"It's preparation," Rodgers said, when asked about his career year. "It's the trust that Mike [McCarthy] and I have, and the offensive line has been a big key for us. The time I've gotten from them has been great; it allows our playmakers to get open and make plays. We have balance with Eddie and James [Starks] running the football, and everything's just kind of clicking right now."
It helps to have Nelson on the team. After reeling in a 60-yard TD against the Falcons, Nelson has tied the team record with seven touchdown passes of 40 or more yards that was previously set by Billy Howton in 1952.
"It takes a lot of time," Nelson said of the communication between himself and Rodgers. "We've been together seven years now, and you build on it every week in practice, in meetings, in games. You just get a feeling for what the other person wants, and making sure we're on the same page. He can make a lot of plays with his feet, so we just try to create a little separation and make it easy on him."
Covering this passing game from front to back? That's not easy for anyone.
2. Eddie Lacy has added a dangerous dimension to Green Bay's offense
With all that said, it was Lacy and Starks who were responsible for Green Bay's first three touchdowns. Starks hit a three-yard run in the first quarter, and Lacy scored on a one-yard run and a one-yard pass. The Packers ended the game with 179 rushing yards on 30 attempts, and Lacy made a number of plays in which he exhibited elite power and elusiveness on the way to his 73-yard night.
And because Lacy and Starks provide a legit ground attack, you will now see the inverse of the back-off coverage the Packers used to see all the time. From time to time, cornerbacks and safeties will not only sell out to blitz (not a good idea, for reasons already detailed), but also stack up against the run. And when you drop your assignment to deal with Lacy, you are basically giving Rodgers a night of target practice.
One such play came with about six minutes left in the third quarter. Rodgers had Nelson outside left, and cornerback Robert McLean was cheating inside to spy Lacy. At the snap, Nelson ran a route upfield on the numbers with nobody around him, as McLean was gone and Lowery was late to the party. It was a 28-yard gain, and had Rodgers not underthrown it, it would have been an easy touchdown. When it is time for the Packers to either go on the road or host playoff games at home, the physical presence and clock control given to them by that running game will be a huge advantage, especially if the defense continues to be a worrisome thing.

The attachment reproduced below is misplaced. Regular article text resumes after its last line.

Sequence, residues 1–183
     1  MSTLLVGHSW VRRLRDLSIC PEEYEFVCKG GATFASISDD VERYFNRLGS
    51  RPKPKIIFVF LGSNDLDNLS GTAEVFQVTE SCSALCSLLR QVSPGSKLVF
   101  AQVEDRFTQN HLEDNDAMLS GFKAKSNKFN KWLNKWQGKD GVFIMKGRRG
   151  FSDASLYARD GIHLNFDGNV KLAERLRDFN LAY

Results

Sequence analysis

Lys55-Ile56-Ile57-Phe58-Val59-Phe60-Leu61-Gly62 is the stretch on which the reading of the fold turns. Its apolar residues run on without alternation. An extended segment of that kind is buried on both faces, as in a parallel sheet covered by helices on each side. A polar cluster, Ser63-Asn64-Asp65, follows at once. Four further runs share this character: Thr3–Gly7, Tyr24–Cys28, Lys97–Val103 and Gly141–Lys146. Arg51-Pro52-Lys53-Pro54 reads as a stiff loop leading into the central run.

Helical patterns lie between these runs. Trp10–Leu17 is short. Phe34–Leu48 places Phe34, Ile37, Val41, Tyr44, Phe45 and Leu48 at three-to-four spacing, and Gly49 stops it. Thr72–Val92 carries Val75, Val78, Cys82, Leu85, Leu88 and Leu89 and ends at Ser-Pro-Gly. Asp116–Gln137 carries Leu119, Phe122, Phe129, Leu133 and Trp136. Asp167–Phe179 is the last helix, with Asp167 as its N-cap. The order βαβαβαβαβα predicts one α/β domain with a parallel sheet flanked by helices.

3. Julio Jones is a ray of bright light on an average Falcons roster
Had Jones managed to stay healthy throughout his career, there's little question that the Alabama alum would be right up there with Calvin Johnson when people talk about the default best receiver in the NFL. He's never played all 16 games in a season since the Falcons traded a haul of picks to select him with the sixth pick in the 2011 draft, but he's been fairly dominant in the 2014 campaign, despite the team's overall malaise and Matt Ryan's occasionally sketchy decision-making. Against the Packers, Jones made Capers' defense pay over and over for ill-conceived and blown coverages. He's faster than just about any cornerback he faces, he will dominate physical battles at 6-4 and 220 pounds, and he's as good at anyone in the league when it comes to bringing in contested catches. For the second game in a row, Jones has showed he's the kind of player who can turn a game around all on his own, and that makes the Falcons, who will not finish the season above .500, a weirdly dangerous team in the hypothetical postseason.